A screenshot from the Kenai Peninsula College graduation ceremony shows an August 2019 photo of Kenai Peninsula College faculty and staff. The May 7, 2020 ceremony was held virtually due to the COVID-19 pandemic. (Screenshot)

A screenshot from the Kenai Peninsula College graduation ceremony shows an August 2019 photo of Kenai Peninsula College faculty and staff. The May 7, 2020 ceremony was held virtually due to the COVID-19 pandemic. (Screenshot)

‘Resilience and ability to overcome unbelievable odds’

Kenai Peninsula College graduates students from both campuses — virtually

After four years of working in construction, Trevor Earll was tired of it. He said he’d just been laid off and remembered his dad, who had recently died, said he thought Trevor would do well in college. So two weeks before the semester started in 2017, Earll made an “impulsive decision” and signed up to take some classes at Kenai Peninsula College.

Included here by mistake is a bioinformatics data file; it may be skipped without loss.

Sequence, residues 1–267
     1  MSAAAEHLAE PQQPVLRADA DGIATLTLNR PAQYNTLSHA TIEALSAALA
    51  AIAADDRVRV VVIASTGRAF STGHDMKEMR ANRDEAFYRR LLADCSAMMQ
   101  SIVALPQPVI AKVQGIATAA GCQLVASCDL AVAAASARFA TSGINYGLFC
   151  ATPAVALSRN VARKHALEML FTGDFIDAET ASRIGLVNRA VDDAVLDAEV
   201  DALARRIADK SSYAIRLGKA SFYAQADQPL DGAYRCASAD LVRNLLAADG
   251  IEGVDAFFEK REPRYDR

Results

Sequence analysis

On Thursday, Earll’s valedictorian speech aired on the college’s virtual graduation. He was among the 34 students graduating from the college’s process technology program. He said he never thought becoming a valedictorian was ever a possibility for him.

“I couldn’t believe it,” he said.

In a prerecorded video the college put together this week, faculty and students from both the Kenai River Campus and the Kachemak Bay Campus spoke in a virtual commencement ceremony aired on the college’s website, Facebook Live and YouTube. It’s the college’s 50th commencement ceremony. A slideshow of graduate’s photos, names and their earned degrees broke up the speeches in the virtual ceremony.

Kenai Peninsula College Director Gary Turner kicked off the commencement ceremony, congratulating 2020 graduates on their “resilience and ability to overcome unbelievable odds.” Turner’s message to this class was to have students “look in the rear view mirror tonight and then charge into the future tomorrow.”

“Remember how you got to this point and how you got here,” Turner said during his opening remarks.

Next, UAA Chancellor Cathy Sandeen said the 2020 graduates, which she called the “COVID-19 class,” would not soon be forgotten. She told graduates that “today is the culmination of your dreams.”